1. How were the design modifications for Phase 2 determined?
Engineers worked through a variety of scenarios using advanced hydraulic modeling and analysis in order to assess the Phase 2 adjustable wave setup and understand the complex elements resulting in the unstable wave feature created by the initial design. They used the best available technology, hydraulic modeling, engineering analysis, hands on operating experience of City of Boise operations staff and more to determine the best path forward to create a more reliable feature that is functional in a variety of conditions and river flow levels. Modifications to the existing spillway gates will also be completed to provide more flexible flow control and offer a pass-through option for stray boaters.
2. What changes will be made to the Phase 2 at the Boise Whitewater Park?
- Modification of the spillway structure to split current 20-foot-wide Gate 5 and Gate 6 to create four, 10-foot-wide gates. This will provide increased flexibility for operations of the main spillway as well as providing a pass-through option for stray boaters
- Modification of the waveshaper to allow for downstream tailwater control making the waveshaper less sensitive to overall changes in flow rate. A fully submerged downstream gate will allow our wave technicians the ability to increase tailwater depth and stabilize the wave feature
- Running additional air lines and wiring for the replacement spillway gate and submersible wave structure gate
- Waterproof vault components for flood resiliency and reduced maintenance needs
- Add a plunge pool downstream of the spillway gates to increase safety for stray boaters
- Mitigate leakage associated with the fish ladder structure on the left riverbank
3. Why are these design modifications necessary?
The original Phase 2 adjustable wave design does not create a predictable and consistent wave feature suitable for a variety of users. Due to its intensity and unpredictability, modifications are needed to create a more user-friendly experience. This will reduce the amount of staff time dedicated to the maintenance and monitoring of the wave feature, while creating a more reliable experience similar to what users have come to expect at the Phase 1 wave upstream from Phase 2.
4. What can users and park visitors expect to see happening at Phase 2 this winter (2023/2024)?
Construction crews will be working in the riverbed and visitors will see an area where water is diverted around the construction site. Construction equipment will be staged at Esther Simplot Park adjacent to the Phase 2 adjustable wave. Crews will follow all necessary safety and environmental protocols while completing these park modifications. A Greenbelt closure is anticipated throughout construction and will be signed appropriately.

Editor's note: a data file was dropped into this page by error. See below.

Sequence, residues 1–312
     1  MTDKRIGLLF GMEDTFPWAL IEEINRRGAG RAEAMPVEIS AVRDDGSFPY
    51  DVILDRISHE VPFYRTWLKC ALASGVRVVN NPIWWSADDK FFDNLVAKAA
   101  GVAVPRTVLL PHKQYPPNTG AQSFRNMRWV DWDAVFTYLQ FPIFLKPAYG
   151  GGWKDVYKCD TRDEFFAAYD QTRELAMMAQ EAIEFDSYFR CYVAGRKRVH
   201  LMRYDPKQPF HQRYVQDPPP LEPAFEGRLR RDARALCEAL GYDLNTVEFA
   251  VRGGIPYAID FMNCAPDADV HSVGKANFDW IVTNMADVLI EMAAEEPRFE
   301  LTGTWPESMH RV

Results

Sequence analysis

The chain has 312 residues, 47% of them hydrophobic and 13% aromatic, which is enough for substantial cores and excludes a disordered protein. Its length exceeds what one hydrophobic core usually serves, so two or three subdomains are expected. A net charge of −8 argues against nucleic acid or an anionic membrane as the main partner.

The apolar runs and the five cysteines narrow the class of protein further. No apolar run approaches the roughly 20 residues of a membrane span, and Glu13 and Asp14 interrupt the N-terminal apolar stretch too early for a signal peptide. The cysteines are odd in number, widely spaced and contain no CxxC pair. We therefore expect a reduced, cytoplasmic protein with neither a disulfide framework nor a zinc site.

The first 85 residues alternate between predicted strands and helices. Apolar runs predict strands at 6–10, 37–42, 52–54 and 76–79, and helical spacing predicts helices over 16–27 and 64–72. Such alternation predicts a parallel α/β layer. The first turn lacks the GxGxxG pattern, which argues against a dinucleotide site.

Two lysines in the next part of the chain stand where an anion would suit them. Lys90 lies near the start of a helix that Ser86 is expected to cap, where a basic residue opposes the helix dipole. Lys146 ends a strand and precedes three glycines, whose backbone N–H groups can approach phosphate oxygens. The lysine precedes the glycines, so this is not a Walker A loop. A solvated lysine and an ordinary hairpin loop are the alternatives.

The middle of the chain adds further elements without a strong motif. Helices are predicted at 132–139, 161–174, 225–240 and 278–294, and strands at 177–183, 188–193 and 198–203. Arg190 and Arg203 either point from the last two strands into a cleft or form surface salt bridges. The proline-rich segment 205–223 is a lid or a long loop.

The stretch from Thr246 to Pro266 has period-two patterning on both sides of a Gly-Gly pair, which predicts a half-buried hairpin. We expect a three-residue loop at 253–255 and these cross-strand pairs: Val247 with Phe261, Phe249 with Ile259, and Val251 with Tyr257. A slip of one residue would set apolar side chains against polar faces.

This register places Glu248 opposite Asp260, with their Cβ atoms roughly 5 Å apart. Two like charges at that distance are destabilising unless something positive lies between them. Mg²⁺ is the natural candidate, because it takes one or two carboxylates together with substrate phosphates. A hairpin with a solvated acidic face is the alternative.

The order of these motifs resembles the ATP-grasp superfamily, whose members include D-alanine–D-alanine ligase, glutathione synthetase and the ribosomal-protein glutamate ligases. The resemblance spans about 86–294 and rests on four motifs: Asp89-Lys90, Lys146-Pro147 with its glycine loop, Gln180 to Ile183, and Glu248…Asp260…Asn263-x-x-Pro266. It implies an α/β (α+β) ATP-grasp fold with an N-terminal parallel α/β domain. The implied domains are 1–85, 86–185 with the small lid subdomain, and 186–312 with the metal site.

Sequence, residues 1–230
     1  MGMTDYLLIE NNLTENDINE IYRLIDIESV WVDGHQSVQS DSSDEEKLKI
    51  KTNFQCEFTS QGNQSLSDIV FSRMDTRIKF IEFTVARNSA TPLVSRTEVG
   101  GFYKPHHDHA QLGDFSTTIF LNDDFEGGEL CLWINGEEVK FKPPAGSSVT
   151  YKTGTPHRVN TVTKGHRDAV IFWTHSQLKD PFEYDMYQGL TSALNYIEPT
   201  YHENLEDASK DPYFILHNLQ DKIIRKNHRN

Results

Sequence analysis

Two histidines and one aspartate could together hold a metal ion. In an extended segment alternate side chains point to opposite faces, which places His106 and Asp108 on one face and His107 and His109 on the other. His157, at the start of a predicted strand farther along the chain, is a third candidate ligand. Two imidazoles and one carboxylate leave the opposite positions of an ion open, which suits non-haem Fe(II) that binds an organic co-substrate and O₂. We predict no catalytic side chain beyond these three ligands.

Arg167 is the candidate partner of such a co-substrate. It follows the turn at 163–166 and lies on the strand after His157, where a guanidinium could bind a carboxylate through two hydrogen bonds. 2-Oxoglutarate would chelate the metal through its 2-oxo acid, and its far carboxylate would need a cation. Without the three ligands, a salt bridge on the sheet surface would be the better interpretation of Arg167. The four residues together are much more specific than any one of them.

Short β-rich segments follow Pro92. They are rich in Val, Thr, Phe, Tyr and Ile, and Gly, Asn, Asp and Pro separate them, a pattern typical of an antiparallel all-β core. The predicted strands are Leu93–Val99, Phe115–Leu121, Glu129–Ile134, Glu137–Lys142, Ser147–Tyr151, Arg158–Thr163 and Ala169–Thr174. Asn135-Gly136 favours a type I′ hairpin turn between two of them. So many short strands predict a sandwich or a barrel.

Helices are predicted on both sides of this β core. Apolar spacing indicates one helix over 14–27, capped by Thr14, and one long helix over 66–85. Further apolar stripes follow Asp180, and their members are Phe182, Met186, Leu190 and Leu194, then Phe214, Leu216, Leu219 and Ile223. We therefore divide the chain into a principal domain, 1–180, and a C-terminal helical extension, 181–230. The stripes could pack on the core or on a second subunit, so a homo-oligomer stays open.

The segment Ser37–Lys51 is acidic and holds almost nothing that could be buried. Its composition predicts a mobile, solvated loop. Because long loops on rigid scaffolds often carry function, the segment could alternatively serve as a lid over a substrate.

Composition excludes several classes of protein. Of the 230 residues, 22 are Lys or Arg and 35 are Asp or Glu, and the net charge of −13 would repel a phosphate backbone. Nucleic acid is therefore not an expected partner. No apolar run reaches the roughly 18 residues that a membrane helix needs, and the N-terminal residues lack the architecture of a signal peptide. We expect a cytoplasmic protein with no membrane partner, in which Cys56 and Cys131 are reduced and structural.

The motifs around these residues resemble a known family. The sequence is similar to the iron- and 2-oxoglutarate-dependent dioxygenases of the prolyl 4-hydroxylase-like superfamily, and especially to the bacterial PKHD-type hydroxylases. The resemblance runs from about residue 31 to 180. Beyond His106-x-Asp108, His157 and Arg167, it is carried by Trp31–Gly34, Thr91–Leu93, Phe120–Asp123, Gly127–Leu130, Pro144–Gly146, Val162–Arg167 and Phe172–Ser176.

5. What’s the timeline for completion?
Construction mobilization is scheduled to begin November 2023 with maintenance modifications expected to wrap up in the spring of 2024.
6. Once the design modifications are completed (expected in 2024) what will the user experience be like at Phase 2?
The Boise Parks and Recreation Department will determine this once the proposed modifications are completed. The goal of this project is to provide a more predictable wave for users to practice in without the need for monitored sessions with wave operators on site whenever river flows allow the wave to be operable. Just like the implementation of Phase 1 of the Boise Whitewater Park, it is expected to take several years for city wave techs to learn how to manipulate the new Phase 2 waveshaper gate, read river flows, and adjust on site to create various recreational experiences based on a variety of external factors.
7. Are modifications planned for any of the downriver features from the Phase 2 adjustable wave?
No adjustments are planned at other Phase 2 in-river structures at this time. The Boise River is a wild and scenic river that experiences streambed fluctuations and more each season. The project team will be closely monitoring for any impacts to downstream features to see if future modifications are necessary.
8. Will any of the planned modifications at Phase 2 affect the Phase 1 adjustable wave feature?
No, engineers do not anticipate changes to the Phase 2 adjustable wave feature to affect the Phase 1 wave feature located upstream at the park.
A community open house is planned from 5:45 to 7:15 p.m. in the William F. Hayes Memorial Auditorium at the Boise Public Library (715 S Capitol Blvd) on Monday, November 20th for the project team to update recreationists on the status of the project, outline the planned maintenance modifications at Phase 2 and answer any questions.